Breeze Through Insurance Audits

Want a better way to handle insurance certificates without having to resort to Excel charts or thumbing through files? Many business owners would be surprised to know this chore can be handled using software they already have!

Because of Quickbooks’ dominance in the small business world (some estimates say as high as 70%), this discussion will focus on Quickbooks 2011 Contractor edition. Most versions of Quickbooks should have similar functionality. To get started, go to the Vendor Center. Find a subcontractor you’d like to update, click Edit, and click on the Additional Info Tab. At the bottom right corner you will see fields to enter the dates. This is where you will enter each current COI on file.

Once all COI’s on file have been entered, Quickbooks will show an alert message if a user attempts to enter a bill from a subcontractor with expired insurance. This eliminates the opportunity to unknowingly pay subcontractors who have not provided proof of insurance as well as giving the user time to request a certificate prior to the bill being due. Finally and most conveniently, this system eliminates having to manually compare payments to a stack of paper COI’s or a spreadsheet.
Reviewing each subcontractor’s information individually using the Edit option would be very time consuming. The best way to determine which subcontractors have valid COI’s is to create a custom report. Go to the Reports menu, find Lists, and click on Vendor Contact List. Now push the Modify Report button and deselect all unneeded fields while placing a checkmark next to Work Com. Expires and Gen Liability Expires. The report now should have only 3 columns: Vendor Name and two columns listing the expiration dates for each type of insurance. Be sure to memorize this report for future reference.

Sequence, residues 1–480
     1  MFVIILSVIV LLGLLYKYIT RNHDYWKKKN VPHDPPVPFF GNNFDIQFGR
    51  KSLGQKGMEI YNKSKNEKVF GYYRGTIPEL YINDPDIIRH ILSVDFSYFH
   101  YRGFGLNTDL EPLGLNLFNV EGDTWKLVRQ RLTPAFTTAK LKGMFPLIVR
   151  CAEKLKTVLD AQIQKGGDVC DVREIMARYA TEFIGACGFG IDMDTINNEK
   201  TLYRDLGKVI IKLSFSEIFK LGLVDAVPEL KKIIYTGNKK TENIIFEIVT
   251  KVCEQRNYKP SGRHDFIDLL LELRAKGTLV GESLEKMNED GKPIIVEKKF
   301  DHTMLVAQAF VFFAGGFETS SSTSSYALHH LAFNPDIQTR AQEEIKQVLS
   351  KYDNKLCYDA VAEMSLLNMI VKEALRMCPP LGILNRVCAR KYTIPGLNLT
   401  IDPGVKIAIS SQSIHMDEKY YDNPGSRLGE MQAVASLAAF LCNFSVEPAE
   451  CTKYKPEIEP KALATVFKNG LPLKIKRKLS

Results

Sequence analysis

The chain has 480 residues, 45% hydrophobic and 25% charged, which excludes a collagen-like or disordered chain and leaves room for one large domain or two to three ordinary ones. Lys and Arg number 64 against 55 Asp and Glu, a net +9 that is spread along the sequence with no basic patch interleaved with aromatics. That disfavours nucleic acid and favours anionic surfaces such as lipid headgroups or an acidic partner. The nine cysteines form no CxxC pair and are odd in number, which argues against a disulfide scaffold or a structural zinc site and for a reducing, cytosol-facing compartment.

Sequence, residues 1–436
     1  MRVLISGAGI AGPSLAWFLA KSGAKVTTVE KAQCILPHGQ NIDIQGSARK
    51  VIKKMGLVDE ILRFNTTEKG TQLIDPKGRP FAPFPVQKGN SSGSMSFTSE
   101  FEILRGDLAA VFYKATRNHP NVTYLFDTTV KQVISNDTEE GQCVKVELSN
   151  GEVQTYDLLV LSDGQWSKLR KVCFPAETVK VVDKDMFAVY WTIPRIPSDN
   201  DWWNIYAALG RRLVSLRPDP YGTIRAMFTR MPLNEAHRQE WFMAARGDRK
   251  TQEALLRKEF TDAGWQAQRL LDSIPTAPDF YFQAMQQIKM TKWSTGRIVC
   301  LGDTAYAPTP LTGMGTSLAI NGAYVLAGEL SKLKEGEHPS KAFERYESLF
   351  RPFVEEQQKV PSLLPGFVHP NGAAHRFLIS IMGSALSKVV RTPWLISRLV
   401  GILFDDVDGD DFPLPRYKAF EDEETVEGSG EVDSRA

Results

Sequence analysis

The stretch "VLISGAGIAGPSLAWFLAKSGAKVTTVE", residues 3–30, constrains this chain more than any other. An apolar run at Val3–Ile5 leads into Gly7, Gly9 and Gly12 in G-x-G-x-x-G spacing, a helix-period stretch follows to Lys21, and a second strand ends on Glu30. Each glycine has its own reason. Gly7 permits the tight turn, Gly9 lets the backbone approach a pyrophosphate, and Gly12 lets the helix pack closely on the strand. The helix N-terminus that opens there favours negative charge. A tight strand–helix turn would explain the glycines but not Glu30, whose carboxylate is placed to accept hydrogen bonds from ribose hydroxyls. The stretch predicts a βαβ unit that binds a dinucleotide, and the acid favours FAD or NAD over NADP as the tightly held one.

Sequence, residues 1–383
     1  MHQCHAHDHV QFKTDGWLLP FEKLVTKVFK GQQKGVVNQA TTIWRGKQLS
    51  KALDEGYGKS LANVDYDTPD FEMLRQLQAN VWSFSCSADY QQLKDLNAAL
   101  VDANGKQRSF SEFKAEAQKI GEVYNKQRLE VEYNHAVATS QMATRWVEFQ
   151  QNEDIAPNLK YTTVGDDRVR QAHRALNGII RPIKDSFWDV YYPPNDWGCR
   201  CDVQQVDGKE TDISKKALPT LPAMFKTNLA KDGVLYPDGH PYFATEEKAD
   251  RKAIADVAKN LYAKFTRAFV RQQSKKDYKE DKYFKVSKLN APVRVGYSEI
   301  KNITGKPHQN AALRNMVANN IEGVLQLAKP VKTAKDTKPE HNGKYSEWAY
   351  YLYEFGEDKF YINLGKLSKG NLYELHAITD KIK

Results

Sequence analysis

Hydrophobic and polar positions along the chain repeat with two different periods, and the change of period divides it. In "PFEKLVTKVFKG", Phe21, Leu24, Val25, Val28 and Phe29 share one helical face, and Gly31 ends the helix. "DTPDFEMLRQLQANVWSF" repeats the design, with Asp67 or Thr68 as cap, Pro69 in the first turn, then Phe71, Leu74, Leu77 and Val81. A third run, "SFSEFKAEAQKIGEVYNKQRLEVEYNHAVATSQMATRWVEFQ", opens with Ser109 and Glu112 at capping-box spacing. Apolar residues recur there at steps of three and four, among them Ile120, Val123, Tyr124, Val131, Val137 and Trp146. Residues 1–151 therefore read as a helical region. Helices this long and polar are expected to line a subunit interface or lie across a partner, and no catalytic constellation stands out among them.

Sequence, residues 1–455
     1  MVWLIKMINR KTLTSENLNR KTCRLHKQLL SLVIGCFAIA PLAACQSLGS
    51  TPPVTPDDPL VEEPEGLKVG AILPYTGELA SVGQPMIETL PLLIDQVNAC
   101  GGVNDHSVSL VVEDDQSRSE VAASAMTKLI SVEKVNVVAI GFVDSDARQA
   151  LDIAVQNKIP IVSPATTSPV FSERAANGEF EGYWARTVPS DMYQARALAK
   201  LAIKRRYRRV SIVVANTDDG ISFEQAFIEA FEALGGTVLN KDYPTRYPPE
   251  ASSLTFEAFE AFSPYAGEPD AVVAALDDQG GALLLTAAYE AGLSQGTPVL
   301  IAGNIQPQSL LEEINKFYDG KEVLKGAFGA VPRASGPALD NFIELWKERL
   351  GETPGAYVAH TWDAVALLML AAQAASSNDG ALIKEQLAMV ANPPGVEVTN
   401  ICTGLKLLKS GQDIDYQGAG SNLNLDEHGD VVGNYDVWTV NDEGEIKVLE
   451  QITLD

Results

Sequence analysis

One issue many people run into when trying to print a report showing all expenditures for the audit period is the report includes many vendors who are not subcontractors. You may have noticed this in the Vendor Contact List report described above. An effective way to limit to help separate vendors from subcontractors is to use the Categorizing section also found in the Edit Vendor menu (see instructions above). You may have to set up some Vendor Types; two basic ones could be Vendor (think of wireless carriers, insurance companies, accountants, etc) and Subcontractor (anyone who does work on a job).

With a few simple steps and some discipline, the dreaded insurance audit can be a thing of the past. Imagine having to do nothing more to prepare for this process than print a couple reports and share them with the auditor- it can be a reality!

Simply go to the Report menu, expand the Vendor & Payables list and select Transaction List by Vendor_____. Since the auditor wants to know only the amounts paid, we need to modify the report a little. Click Modify Report, select Filters, find Transaction Type, and click Multiple Transaction Types. At a minimum we need to select Check, and Bill Payment. Now we need to modify the accounts the report pulls from and which vendors are included. To do this, we’ll click the Modify button in the top left corner of the report. Click on the Filters tab, then select the Account filter. Check all accounts that you code payments to subcontractors; most commonly Work In Process, Cost of Goods Sold, or Expense accounts. Next, select the Name filter, check Multiple Names and place a checkmark next to each subcontractor you use. Don’t worry if you don’t use that subcontractor anymore- you want the report to pull all subs and it will omit subs who didn’t receive any payments. Finally, memorize the report so it can easily be recalled and updated for the next year when needed.